As I am finishing yet another application for a position with limited chances of success (I did my statistics homework), I am reminding myself again that I shouldn’t get too emotionally invested: I shouldn’t picture myself with this specific position in this particular place just yet. I should take a potential ‘No’ lightly as a sportive challenge and not see it as a fundamental rejection of my work and my value as a member of the academic community. I know all of that. But it is emotionally exhausting. It requires energy and time to deal with the anxieties and insecurities this process brings up. And, importantly, it often requires the support and care of people that are close to me.
The academic job market is just one example of how working in academia requires more than just academic merit. Conversations with friends, colleagues and students over the last years have repeatedly brought up variations of the same themes: Am I good enough? Do I fit in? Will I be able to stay? These questions come up in different ways for people in different social positions. Yet, dealing with them almost always requires a form of emotional labour. Emotional labour, a term coined by the sociologist Arlie Hochschild,¹ refers to the management and coordination of emotions and bodily expressions to create a specific state of feeling in another person. In academia this work takes different shapes. It includes soothing another’s worries and anxieties, building confidence and being aware of different social backgrounds and constraints. As such, it is a crucial part of the academic practice. And yet, even though most of us rely on it in some sense or other, some provide it more than others.
Studies show that women disproportionally take on emotional labour in academia, this holds in particular for women of colour: they’re the ones listening to the students’ personal struggles within academia; they’re the ones who reassure their colleagues of their academic abilities; and they’re the ones bringing up questions of diversity in department meetings and explaining why it matters. To pre-empt a ‘Not-all-men-objection’ at this point: the claim is not that white men never provide this type of labour – the emotional care of some of my male friends and colleagues has helped me through crucial stages of my PhD. But, this type of labour is not expected of them. In her wonderful analysis of misogyny, Kate Manne² argues that women’s provision of feminine-coded goods such as care, concern, compassion or moral attention is safeguarded by moral sanctions. Failure to provide these goods often means that women are called out, described as cold and arrogant and resented for it. For example, studies of teaching evaluations show (here and here) that male and female students alike penalize their female professors if they’re not nice enough, uncaring or fail to develop a personal relationship with them, while male professors are penalized instead for being boring or uncharismatic. In short: providing emotional labour is expected from women while it is supererogatory for white men.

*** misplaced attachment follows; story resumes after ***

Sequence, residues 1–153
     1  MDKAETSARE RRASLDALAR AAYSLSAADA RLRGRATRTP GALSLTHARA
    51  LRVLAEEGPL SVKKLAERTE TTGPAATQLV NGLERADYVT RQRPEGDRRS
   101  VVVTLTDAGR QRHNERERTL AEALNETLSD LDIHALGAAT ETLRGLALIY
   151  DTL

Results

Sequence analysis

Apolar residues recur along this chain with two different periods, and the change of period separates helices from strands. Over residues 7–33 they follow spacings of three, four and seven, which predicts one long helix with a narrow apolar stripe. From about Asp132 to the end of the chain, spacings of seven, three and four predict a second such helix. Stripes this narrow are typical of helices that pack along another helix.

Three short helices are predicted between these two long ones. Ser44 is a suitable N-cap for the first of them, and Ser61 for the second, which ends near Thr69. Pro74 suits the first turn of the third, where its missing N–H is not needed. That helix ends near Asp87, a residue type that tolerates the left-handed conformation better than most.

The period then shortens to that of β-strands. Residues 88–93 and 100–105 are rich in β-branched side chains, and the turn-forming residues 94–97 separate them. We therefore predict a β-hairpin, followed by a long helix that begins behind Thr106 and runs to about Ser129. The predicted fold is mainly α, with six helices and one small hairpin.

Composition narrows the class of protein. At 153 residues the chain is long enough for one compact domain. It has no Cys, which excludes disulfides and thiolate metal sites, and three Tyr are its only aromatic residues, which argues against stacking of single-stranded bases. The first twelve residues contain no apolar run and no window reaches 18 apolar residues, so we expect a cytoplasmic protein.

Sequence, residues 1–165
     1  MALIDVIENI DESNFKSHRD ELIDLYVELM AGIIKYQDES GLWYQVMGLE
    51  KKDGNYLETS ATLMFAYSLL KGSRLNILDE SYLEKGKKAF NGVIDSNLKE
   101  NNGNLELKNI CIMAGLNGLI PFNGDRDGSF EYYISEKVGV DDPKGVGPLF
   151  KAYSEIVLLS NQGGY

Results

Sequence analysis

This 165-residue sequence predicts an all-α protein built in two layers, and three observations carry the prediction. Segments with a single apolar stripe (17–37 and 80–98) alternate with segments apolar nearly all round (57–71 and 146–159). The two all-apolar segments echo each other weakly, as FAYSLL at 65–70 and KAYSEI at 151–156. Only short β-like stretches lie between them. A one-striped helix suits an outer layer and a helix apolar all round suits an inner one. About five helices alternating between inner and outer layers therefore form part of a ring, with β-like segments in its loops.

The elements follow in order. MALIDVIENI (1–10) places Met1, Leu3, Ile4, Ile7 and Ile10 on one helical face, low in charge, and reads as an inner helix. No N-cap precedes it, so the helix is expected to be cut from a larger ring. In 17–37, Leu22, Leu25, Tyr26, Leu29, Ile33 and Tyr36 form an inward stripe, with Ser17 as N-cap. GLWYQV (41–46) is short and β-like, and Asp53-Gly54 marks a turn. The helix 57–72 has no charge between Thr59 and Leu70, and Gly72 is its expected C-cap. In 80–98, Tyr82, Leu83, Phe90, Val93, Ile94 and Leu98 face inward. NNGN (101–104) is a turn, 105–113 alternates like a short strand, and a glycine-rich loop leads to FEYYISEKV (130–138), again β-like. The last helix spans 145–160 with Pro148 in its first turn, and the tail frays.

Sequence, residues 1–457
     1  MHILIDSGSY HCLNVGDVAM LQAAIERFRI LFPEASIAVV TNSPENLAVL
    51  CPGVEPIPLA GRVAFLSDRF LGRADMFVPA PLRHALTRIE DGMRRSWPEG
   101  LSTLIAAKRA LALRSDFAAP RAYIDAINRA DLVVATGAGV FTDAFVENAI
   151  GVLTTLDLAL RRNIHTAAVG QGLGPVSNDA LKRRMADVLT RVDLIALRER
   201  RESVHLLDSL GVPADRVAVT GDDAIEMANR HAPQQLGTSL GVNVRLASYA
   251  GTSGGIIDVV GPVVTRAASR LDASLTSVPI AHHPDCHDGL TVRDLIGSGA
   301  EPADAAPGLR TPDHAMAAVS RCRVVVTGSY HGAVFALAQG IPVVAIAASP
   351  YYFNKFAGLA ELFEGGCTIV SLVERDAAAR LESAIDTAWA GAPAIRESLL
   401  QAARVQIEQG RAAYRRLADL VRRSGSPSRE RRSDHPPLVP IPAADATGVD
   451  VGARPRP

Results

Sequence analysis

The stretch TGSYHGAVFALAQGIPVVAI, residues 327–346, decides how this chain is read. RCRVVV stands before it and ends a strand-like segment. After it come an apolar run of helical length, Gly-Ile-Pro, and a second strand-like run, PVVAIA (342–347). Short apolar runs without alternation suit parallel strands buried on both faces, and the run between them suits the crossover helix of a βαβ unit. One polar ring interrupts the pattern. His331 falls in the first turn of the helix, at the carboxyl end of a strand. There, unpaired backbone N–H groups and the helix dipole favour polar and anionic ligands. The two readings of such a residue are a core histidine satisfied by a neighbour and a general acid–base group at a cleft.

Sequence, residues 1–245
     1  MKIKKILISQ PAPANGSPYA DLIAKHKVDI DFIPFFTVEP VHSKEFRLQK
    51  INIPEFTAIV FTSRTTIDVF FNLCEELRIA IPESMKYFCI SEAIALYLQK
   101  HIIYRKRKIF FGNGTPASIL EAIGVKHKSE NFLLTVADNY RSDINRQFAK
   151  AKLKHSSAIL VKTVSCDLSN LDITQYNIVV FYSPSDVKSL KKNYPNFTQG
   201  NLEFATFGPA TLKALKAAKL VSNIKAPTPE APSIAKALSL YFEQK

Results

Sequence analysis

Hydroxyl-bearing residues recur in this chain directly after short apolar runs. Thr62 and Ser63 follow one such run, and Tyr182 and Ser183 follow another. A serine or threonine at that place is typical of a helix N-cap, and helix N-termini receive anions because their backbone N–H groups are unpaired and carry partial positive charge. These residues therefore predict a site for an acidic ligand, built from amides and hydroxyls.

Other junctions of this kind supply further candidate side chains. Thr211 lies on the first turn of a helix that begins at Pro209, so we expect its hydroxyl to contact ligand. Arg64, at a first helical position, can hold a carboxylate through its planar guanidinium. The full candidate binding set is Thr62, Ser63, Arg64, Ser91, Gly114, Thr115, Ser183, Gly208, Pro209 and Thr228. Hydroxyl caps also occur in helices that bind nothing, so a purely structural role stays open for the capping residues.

There are in particular three reasons for why we should care about a more equal distribution in providing emotional labour. First, providing emotional labour takes time and energy. Even in situations when we’re happy to do it, even when it can be fulfilling to be able to support others, it is still work. And it is work that is not rewarded and that happens in addition to the normal tasks required of an academic. If members of some social groups are expected to provide more emotional labour in academia than others, this means they have less time working on their own projects.
Second, if we really care about diversity in academia, we better start caring about the politics of care-giving. A more equal distribution of emotional labour can disrupt stereotypes where women’s primary virtues as philosophers are taken to be their compassion, their empathy and their diligence. At the same time, it can challenge norms associated with being a ‘good’ philosopher, in particular those that assume that a good philosopher only comes in the shape of a white, able-bodied, cis male who is dispassionate, rational and detached.
Finally, challenging the gendered distribution of emotional labour and the norms associated with it, will allow us to recognise emotional labour more explicitly as work; and moreover as work which is crucial in sustaining our daily lives as academics. A different way of valuing emotional labour can, in turn, open up space for more explicit institutional support, e.g. recognising emotional labour as a required task within academia and honouring it as a skill.
In sum, let’s care. And let’s do so on a more equal basis.
¹ Hochschild, A. R. (1985). The managed heart: Commercialization of human feeling. Berkeley, Los Angeles, London: University of California Press, p.7.
² Manne, K. (2018). Down Girl. New York: Oxford University Press, p. 110.